Fracking involves pumping a mixture of water, sand and other chemicals deep underground at high pressure to fracture rocks, allowing the trapped natural gas to flow and then be pumped to the surface.
While resource companies have used technology in Canada and the U.S. on a small scale for decades, it’s expected to ramp up significantly in B.C., Alberta, Quebec and New Brunswick, as deep shale gas reserves are tapped in an effort to exploit natural gas deposits and diversify Canada¹s energy resources.
But, in an American paper entitled “Water Pollution Risk Associated with Natural Gas Extraction from the Marcellus Shale,” the authors found that the process is likely to contaminate nearby water systems. The Marcellus Shale, the largest in the U.S., covers approximately 124,000 km from New York to West Virginia.
The paper, which appears in the August 2012 issue of the international journal Risk Analysis, says “even in a best case scenario, an individual well would potentially release at least 200 m3 of contaminated fluids.” Doctoral student Daniel Rozell and Dr. Sheldon Reaven, a professor in the Department of Technology and Society at Stony Brook University’s School of Marine and Atmospheric Sciences, partnered on the work.
In order to identify where regulators should focus their efforts, the study model identified five ways fracking could contaminate water supplies: transportation spills, well casing leaks, leaks through fractured rock, drilling site discharge, and wastewater disposal.
The authors found that the highest potential contamination risk was from wastewater disposal because, according to the authors, while some well operators recycle and reuse hydraulic fracturing fluids for multiple wells, 77 per cent of operators do not due to the cost of separation and filtration. “Instead, the used hydraulic fracturing fluid is transported to a wastewater treatment facility and discharged to streams” which can link up with drinking water, they wrote.
However, Professor Danny Reible, Chair of Environmental Health Engineering at the University of Texas, said the study’s projections are based on a large number of assumptions and it’s unclear how accurate or current the results could be.
Reible told Postmedia News Monday that the water in the Marcellus Shale already has among the highest salt content in the entire country, which could be why traditional wastewater treatment facilities had a hard time breaking it down.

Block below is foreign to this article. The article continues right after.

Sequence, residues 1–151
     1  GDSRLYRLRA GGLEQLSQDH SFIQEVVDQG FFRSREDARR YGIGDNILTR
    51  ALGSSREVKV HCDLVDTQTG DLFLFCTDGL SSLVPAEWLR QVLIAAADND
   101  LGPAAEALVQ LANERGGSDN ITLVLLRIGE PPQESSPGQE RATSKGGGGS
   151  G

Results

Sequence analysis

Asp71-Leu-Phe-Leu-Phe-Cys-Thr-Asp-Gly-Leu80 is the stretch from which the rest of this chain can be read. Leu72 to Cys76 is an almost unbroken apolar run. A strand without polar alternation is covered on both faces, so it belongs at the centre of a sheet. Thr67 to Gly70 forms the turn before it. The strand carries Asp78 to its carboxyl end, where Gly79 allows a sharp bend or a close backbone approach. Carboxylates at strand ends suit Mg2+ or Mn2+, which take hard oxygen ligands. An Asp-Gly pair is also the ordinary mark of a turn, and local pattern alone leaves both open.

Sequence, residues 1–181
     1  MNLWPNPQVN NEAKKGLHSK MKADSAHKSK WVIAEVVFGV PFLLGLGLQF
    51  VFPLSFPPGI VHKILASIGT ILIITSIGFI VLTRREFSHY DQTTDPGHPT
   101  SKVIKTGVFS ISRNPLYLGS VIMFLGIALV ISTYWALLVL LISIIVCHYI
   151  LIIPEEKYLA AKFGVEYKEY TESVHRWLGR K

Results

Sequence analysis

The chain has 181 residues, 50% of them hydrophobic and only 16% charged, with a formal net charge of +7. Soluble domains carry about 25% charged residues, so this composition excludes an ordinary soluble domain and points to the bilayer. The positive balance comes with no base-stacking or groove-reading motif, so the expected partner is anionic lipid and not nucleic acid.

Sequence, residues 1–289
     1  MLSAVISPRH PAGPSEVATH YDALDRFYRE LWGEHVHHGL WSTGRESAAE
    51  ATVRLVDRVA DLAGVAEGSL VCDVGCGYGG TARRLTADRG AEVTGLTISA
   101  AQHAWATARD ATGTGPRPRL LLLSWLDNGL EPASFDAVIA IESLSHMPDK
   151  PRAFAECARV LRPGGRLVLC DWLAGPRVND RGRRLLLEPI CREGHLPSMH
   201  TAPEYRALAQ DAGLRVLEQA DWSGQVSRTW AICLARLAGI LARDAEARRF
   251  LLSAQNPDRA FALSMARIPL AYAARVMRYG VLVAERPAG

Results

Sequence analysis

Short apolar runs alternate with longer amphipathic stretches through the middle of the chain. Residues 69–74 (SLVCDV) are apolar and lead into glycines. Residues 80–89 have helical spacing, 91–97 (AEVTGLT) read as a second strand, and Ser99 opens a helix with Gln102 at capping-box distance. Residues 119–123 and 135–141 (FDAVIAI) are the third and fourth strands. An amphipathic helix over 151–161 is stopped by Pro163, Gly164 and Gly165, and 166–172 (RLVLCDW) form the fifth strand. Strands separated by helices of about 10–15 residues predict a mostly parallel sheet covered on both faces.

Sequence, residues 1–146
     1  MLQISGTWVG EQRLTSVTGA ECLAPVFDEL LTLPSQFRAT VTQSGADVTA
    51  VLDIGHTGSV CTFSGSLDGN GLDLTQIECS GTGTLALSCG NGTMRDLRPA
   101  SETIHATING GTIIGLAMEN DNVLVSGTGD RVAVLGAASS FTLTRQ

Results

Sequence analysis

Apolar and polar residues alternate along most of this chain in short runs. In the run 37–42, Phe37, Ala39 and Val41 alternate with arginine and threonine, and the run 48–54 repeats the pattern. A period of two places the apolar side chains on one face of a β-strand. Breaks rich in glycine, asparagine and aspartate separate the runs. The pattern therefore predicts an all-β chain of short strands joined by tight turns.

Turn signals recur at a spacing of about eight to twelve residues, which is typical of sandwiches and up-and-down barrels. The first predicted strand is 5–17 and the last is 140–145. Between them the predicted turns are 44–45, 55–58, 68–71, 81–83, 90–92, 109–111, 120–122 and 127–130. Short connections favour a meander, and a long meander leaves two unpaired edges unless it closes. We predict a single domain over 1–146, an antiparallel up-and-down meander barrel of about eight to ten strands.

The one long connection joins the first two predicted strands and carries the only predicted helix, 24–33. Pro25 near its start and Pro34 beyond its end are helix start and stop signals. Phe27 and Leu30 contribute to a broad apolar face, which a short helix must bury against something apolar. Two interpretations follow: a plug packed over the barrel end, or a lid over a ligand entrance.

Reible said most of the rest of the fracking sites in the U.S. dispose of their wastewater by re-injecting it deep into the earth at many separate sites, to avoid triggering micro-earthquakes. “That’s true of everywhere, except in the northeast of the U.S.,” he said.
Reible, who calls himself a supporter of fracking, “but not a blind supporter” says “I fully recognize that there are potential issues . . . I’ve made presentations in the past that showed that natural gas contamination in drinking water supplies has occurred” – due to natural migration of gas into the water table, as well as failures in conventional natural gas wells. “It’s something that you have to manage and be careful of.”
The Marcellus Shale study recommended that more data should be collected on the ability of industrial and municipal wastewater treatment facilities to remove contaminants from used hydraulic fracturing fluid, which can contain up to 750 distinct chemicals, ranging from benign to toxic.
“Given typical well spacing in the Marcellus Shale, if only 10 per cent of the region is developed, this would equate to 40,000 wells,” says the study.
“This volume of contaminated water would equate to several hours flow of (New York’s) Hudson River or a few thousand Olympic-sized swimming pools.”
In Canada, as shale gas exploration increases in B.C., Alberta, Quebec and New Brunswick, protests against fracking are also escalating, with protestors citing studies such as this one, which link the practice with contaminated water, and others which posit the practice can trigger small earthquakes.
Earlier this year, Quebec announced an outright moratorium on shale gas development, halting all projects until after a government environmental assessment committee looking into whether shale gas can be extracted while respecting the environment is finished. The final report is expected sometime in 2013.
Source: Clagary Herald (By Teresa Smith, Postmedia News)
Fracking is also a contentious issue in South Africa where Shell intend on using fracking to extract natural gas from areas of the Karoo. The Karoo is an extremely sensitive environment and water is scarce – the only major water sources are ground water which the fracking process will need. This groundwater will likely be polluted, affecting the sensitive Karoo ecosystem as well as depleting scarce water reserves. Although the Karoo fracking is on hold for now, it seems likely that the South African government will eventually allow it. In a dry country like South Africa where water scarcity is a daily reality for many, a balance between protecting our environment and meeting our energy needs must be met.
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